It all started at CES in January of 2010. That's when Google met with execs from various major record labels, I'm told, to discuss launching a possible music service. The meetings were very exploratory, but it sounded at the time like the service would be cloud-based.
Fast forward to the present, and rumors of Google's music service haven't become any clearer: We've seen leaked screenshots, read of relevant music acquisitions and internal testing, and heard reports of stalled negotiations. As one music industry source recently told me, "Google music is now surpassing Spotify as the best music service that never launched."
However, negotiations between Google and the labels are still very active, despite recent reports saying otherwise. Earlier this week, The Music Void reported that Google "is just about at the end of their rope with the major label licensing process" and that its "frustrated from the grief they seem to be getting from all the labels." Specifically, TMV cited observers who say one label is stalling the process by pushing for a $30 per-year rate for the cloud. "Negotiations are said to have gone sideways," the report said.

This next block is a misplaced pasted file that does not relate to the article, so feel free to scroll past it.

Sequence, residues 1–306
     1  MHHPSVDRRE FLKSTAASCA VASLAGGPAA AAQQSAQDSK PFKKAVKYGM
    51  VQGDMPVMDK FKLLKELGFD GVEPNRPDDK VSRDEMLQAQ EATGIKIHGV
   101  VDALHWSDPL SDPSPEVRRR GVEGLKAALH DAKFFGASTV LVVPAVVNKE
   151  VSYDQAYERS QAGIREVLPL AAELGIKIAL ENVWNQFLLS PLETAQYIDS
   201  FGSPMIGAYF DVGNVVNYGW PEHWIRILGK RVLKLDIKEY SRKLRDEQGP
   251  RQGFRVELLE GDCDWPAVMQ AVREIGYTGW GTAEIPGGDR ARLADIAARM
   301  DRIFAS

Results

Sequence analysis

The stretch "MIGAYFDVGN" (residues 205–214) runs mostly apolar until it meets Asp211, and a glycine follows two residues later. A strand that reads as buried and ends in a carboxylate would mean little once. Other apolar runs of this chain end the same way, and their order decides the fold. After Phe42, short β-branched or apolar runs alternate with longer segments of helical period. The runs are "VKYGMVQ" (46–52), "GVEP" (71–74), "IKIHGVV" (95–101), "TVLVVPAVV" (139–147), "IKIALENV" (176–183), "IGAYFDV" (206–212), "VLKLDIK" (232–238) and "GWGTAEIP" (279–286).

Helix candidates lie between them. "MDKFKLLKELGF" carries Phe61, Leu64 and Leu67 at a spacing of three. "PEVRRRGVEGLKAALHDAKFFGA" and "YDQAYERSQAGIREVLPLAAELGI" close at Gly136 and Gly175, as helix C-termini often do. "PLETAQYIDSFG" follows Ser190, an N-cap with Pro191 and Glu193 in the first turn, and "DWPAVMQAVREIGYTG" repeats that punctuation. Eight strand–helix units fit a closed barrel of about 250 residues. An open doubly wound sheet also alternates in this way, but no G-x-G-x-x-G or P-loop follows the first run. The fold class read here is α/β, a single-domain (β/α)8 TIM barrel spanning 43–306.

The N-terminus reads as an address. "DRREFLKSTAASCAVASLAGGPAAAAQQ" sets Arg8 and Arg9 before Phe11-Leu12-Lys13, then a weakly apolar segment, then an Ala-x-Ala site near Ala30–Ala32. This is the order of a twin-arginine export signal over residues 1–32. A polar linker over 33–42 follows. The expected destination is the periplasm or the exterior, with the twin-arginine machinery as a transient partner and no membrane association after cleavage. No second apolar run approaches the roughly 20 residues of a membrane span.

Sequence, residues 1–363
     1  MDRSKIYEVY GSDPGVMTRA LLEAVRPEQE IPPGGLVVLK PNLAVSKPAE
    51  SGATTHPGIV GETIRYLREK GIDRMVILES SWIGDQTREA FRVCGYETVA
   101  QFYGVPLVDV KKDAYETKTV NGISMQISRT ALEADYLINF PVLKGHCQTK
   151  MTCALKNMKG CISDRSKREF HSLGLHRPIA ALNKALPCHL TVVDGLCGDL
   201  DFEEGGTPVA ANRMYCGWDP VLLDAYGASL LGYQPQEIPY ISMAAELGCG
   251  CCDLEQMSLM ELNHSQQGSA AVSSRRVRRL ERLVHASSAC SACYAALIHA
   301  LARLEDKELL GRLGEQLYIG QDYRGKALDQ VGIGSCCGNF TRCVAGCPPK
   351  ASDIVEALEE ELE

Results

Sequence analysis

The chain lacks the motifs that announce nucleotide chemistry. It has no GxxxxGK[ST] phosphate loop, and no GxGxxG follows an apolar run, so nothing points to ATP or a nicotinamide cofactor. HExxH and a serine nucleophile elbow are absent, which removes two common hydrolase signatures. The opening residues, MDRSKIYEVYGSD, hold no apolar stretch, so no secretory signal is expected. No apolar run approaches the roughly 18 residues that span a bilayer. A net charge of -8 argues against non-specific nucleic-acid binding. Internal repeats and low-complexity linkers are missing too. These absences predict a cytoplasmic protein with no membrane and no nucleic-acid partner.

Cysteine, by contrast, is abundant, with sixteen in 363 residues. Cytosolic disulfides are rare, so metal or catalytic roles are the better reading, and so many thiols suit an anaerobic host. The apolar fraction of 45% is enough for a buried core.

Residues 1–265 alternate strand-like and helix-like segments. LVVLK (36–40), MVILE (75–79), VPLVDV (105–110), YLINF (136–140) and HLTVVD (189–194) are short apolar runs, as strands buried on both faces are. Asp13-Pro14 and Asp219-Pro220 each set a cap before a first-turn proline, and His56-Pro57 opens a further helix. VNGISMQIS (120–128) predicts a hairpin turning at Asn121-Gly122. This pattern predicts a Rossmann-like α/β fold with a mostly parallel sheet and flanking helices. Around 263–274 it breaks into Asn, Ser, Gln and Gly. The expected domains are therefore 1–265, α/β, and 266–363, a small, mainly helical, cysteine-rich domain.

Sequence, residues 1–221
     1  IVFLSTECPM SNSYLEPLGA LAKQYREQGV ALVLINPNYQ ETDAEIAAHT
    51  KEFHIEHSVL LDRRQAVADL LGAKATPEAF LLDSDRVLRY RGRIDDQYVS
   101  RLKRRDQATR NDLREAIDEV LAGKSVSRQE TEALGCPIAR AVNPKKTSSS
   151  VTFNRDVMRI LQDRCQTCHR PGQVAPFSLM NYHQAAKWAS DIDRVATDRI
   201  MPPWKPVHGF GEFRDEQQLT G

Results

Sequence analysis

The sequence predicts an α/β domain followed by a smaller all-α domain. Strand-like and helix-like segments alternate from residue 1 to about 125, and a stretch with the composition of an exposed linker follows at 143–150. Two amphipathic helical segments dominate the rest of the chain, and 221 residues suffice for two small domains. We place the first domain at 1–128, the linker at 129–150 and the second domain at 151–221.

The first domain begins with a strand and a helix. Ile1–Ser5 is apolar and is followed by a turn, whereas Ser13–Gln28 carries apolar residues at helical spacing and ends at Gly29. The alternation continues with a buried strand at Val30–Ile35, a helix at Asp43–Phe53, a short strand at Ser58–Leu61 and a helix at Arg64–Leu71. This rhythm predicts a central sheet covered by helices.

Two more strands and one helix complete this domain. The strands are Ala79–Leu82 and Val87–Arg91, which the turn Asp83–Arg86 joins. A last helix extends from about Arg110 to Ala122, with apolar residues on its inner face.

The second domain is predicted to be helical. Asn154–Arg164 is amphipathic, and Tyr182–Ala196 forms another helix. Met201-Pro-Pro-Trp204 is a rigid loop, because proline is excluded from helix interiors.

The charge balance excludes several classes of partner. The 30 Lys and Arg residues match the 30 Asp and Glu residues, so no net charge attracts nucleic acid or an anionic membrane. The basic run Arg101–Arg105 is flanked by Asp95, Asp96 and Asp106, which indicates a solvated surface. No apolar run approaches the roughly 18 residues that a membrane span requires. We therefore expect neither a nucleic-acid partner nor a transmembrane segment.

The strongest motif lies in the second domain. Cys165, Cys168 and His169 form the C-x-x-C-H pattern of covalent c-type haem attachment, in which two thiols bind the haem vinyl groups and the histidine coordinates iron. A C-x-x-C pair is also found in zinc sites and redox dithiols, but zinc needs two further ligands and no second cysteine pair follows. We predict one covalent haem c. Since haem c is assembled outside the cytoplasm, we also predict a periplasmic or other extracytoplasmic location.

But according to another music industry source familiar with the discussions, the rumors of stalled negotiations are "ancient history." That's not to say the annual fee of $30 has changed—the source could not comment on specific figures. The point here is that the impasse described in TMV's report has long since ended, and that negotiations have continued. When asked about a specific time-frame (months? years?) for when we could expect the service, the source could not offer details.
But people are driving toward this, a source said, and deals will be struck.
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[Image: Flickr user ceinstudio]